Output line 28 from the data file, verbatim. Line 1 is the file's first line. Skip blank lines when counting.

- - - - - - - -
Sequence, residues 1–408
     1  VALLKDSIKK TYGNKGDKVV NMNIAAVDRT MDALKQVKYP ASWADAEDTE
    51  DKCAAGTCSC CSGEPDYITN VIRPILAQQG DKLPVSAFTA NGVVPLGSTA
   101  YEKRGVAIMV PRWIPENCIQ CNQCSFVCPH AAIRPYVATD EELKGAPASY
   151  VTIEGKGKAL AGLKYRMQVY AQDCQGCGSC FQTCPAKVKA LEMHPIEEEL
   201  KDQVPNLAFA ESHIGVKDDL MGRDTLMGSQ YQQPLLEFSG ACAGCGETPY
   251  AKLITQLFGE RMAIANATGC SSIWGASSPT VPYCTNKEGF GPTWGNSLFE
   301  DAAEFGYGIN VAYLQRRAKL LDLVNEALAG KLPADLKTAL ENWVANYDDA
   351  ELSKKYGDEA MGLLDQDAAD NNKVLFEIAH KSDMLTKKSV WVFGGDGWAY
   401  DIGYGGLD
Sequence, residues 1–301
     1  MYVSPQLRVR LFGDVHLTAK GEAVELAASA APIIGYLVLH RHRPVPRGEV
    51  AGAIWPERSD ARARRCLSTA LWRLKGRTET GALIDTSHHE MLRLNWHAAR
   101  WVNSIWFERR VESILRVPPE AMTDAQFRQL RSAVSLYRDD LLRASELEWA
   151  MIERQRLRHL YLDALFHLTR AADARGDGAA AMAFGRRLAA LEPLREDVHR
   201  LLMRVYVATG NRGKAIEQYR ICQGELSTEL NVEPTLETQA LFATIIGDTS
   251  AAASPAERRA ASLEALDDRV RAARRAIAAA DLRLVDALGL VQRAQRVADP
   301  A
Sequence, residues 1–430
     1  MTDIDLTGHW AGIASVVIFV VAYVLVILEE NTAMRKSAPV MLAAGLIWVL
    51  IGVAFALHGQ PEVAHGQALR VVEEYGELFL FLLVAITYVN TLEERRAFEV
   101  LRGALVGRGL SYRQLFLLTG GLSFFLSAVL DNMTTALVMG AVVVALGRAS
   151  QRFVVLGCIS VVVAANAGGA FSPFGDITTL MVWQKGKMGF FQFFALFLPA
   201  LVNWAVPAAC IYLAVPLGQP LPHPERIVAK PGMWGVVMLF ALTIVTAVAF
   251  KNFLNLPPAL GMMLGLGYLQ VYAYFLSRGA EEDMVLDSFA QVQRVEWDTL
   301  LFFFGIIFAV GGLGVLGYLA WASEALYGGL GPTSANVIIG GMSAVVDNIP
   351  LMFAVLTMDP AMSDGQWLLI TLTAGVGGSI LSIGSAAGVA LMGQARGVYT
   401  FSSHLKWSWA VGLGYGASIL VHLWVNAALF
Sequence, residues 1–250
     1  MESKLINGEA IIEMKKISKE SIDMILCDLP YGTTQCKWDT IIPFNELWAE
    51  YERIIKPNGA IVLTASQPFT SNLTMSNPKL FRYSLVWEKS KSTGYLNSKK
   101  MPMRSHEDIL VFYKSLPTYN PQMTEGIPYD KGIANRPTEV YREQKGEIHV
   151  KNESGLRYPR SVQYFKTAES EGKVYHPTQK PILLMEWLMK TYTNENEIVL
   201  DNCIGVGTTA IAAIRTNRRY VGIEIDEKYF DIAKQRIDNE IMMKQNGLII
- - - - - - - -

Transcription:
   401  FSSHLKWSWA VGLGYGASIL VHLWVNAALF